Chris Redston has always had strangely realistic dreams, but when he went to sleep one night in one world and woke up in another, he began to realize that his dreams were much more than they seemed. In Chicago, Chris is just an ordinary guy, but in Lael, he’s a Gifted. Generally Gifteds, or worldwalkers, only pop up in Lael once a generation, but Chris has the misfortune to be the second Gifted to come to Lael in 20 years. Unfortunately, Chris’ predecessor used the respect and power he had as a Gifted for personal gain and threw the delicate political balance of Lael into war, ruining the Gifted’s reputation and making Chris’ welcome chilly at best.
In Chicago, there are a few who know about Lael (who don’t have the best intentions), and they’re all seeking out for Chris, who is the only one with the power to walk between the worlds. In Lael, Chris finds himself in a world where his very presence is resented and enemies and spies are at every turn. Clumsily, and still in denial, Chris makes the one bad decision that could ruin everything on his first night of world travel. His only ally in Lael is the Searcher, whose life is dedicated to keeping the Gifted safe, and even she is reluctant to trust him. In Chicago, Chris’ friends try to help him, but have no idea the truth of what’s really going on. Chris’ task quickly becomes keeping those he cares about safe, resolving all the problems the Gifted have caused in Lael…and to stop creating new ones.
I have been a follower of K.M. Weiland’s blog HelpingWritersBecomeAuthors.com for several years, but I’d never read any of her fiction until now. Needless to say, I was very curious to see how she put her writing advice to practice in her own work, and I was not disappointed. Not only is this book written skillfully, the writing is so good you hardly even notice how good it is. Some may consider that a bad thing, but I consider it the best thing in the action/adventure/thriller genres, where the focus should be 100% on the plot, keeping readers so engaged they can’t bear to put down the book.
The initial idea of the book is intriguing in itself, and the dream-world that Weiland creates is quite dimensional and well thought out. In an epic novel such as this, with conflicts affecting two entire worlds, it can be a challenge to reveal information to readers in a comprehensive way that doesn’t pull from the immediate action of the plot, but in my opinion Weiland was able to do just that in Dreamlander. Another thing epic novels tend to ‘have’ to have, are a whole lot of characters, which is also true of Weiland’s novel. There is the main cast for both worlds, both good and bad guys, and in Lael, there are a LOT of secondary characters and insignificant characters needed to advance the plot. The variety of characters was refreshing; most of them were not strictly good or strictly bad. I’m thinking of Orias as a great example of this. He is the Keeper, who is in charge of delivering an artifact to the Gifted which allows him or her to carry things with them through the worlds. Orias appears to be a morally steadfast character when he is confronted with a scenario he just can’t accept and makes unexpected decisions. Through time, Orias is in a constant internal struggle with guilt, consequence, and fear of what is to come, which become the motivators for his actions. As readers, we are constantly confronted with the question of what choice Orias will make. Will he make the ‘right’ decisions? Are his actions worth it? Will he ever be brave enough to make things right? In his unexpected transformations, Orias is a standout character in the novel. The main character is also a little unexpected. Having him unknowingly make the worst decision possible before he is even aware of what is going on was a clever move. The one character I wasn’t sure about through most of the novel was Eroll, but in the end I understood his role in the story. His role could probably have been tightened up in some way throughout the majority of the novel, but as he’s written it’s not too bad. In fact, that’s the only complaint about the whole book that even comes to mind!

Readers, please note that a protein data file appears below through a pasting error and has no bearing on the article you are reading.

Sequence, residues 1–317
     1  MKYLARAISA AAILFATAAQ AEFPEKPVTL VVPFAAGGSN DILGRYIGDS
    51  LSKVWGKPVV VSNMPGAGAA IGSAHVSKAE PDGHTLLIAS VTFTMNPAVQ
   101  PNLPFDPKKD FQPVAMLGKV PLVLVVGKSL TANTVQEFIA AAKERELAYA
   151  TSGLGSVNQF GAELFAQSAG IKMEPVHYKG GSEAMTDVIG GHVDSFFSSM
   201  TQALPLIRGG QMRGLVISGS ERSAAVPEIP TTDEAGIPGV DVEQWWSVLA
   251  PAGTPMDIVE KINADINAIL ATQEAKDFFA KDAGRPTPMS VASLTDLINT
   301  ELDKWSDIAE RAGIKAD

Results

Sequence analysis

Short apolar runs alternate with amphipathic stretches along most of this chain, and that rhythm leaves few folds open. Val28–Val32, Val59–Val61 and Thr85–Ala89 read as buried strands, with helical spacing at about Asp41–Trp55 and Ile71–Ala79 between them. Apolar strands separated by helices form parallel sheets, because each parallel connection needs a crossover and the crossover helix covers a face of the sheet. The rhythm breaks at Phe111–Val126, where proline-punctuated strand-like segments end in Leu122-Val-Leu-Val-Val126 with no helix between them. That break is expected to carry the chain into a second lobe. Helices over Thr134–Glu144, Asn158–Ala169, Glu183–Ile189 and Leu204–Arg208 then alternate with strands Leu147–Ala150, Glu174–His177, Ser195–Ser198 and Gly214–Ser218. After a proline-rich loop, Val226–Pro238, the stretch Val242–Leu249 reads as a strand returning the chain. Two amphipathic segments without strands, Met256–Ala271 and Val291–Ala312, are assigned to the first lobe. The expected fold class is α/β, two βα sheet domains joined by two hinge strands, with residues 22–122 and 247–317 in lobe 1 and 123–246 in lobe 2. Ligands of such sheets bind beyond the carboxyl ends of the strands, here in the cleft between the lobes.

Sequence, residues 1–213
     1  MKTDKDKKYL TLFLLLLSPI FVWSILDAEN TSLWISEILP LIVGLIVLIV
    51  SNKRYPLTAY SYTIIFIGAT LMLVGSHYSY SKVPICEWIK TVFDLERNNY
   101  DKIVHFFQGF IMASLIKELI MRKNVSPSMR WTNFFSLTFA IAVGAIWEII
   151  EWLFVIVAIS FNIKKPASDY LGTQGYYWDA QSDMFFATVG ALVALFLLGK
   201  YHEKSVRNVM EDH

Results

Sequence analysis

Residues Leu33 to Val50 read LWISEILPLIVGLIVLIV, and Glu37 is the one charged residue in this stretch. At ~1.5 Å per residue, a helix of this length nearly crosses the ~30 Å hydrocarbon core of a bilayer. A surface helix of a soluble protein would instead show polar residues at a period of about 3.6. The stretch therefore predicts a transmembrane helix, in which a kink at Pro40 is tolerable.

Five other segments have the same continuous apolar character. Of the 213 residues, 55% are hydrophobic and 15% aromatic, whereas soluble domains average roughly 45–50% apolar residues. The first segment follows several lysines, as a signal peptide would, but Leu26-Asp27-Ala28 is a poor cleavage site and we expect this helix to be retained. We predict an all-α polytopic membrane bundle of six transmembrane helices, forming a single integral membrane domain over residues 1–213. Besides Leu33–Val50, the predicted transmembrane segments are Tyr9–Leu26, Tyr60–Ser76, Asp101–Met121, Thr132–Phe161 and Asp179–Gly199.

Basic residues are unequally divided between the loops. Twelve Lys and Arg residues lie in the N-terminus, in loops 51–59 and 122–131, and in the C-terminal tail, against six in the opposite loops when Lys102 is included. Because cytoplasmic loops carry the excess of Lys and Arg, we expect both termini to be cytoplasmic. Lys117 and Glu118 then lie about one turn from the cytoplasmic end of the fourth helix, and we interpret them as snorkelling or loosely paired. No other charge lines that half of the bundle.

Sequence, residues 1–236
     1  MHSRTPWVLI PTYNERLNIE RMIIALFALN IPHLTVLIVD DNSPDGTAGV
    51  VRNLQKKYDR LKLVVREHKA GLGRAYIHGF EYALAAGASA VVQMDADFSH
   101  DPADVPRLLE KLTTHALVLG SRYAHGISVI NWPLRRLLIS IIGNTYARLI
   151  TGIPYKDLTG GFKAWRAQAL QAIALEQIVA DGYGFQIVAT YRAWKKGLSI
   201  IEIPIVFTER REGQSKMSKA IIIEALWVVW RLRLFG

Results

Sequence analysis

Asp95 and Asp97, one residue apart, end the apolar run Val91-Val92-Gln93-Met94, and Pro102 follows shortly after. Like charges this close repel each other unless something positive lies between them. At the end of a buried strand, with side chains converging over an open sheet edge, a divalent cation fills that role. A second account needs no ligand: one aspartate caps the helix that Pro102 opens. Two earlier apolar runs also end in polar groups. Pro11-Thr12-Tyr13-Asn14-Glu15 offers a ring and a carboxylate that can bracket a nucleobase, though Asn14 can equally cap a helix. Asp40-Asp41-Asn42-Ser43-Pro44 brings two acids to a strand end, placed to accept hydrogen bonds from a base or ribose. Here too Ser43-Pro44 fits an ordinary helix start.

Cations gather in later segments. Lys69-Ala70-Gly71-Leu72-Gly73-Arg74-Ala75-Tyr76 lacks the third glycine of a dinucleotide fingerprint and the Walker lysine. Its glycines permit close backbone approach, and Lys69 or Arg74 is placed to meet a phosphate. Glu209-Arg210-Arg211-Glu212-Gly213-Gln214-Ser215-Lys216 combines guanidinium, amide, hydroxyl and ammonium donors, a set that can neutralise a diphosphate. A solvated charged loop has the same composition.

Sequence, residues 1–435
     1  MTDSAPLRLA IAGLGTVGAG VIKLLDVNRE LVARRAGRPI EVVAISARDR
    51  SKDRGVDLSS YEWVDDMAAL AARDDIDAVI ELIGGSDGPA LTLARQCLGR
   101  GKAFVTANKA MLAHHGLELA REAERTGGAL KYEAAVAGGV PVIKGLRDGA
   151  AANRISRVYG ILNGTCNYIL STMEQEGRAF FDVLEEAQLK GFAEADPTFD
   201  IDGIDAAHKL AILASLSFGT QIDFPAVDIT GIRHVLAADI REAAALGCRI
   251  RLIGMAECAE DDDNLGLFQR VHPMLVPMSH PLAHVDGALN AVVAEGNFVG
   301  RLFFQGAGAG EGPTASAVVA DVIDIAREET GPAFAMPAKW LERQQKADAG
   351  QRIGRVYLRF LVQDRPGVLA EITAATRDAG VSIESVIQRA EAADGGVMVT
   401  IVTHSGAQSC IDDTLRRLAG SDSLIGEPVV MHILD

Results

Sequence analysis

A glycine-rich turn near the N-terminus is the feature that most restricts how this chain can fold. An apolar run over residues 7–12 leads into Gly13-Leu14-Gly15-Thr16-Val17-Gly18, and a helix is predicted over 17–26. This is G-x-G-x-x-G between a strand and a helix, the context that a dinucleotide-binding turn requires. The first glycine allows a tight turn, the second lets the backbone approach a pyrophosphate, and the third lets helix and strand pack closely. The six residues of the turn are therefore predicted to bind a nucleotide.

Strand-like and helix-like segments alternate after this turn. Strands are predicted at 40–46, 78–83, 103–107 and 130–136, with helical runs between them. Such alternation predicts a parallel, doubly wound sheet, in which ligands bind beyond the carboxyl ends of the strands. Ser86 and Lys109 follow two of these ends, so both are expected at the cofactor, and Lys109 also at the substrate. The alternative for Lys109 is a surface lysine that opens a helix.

I couldn’t put this book down. I started reading it on my phone when I had a spare moment with nothing to do and didn’t have a physical book around (I got it for free during a promotion on Amazon – kindle version – which I found out about through KM Weiland’s monthly newsletter, which you can sign up for here). When I couldn’t find where my actual kindle was, it didn’t matter – I read the whole thing from the screen of my smart phone. That’s how compelling it was. I couldn’t even pause in my free time long enough to locate the reading device necessary to read it comfortably (I actually still haven’t found it, but that’s beside the point). I read much of it lying across the bed so my phone could charge while I continued to read. I skipped meals and I neglected my husband. It’s that good.
The pages of this book are riddled with action and conflict; I can’t think of even one moment that could be considered ‘boring’ but it’s more than that. It’s not just an exciting plot line, it’s just plain good writing. For that reason, I think this book would appeal to a large audience, including young readers. I would recommend this book for anyone looking for a fast-paced entertaining adventure to get completely immersed into – regardless of if they’ve enjoyed ‘fantasy’ novels in the past. If you’re looking for something engaging to read to re-fire your passion and get back into reading, I think this book could do it. 544 pages may seem like a lot, but it goes so fast you’ll be halfway through before you know it!
Have you read this book?
Let me know what you thought, post a comment!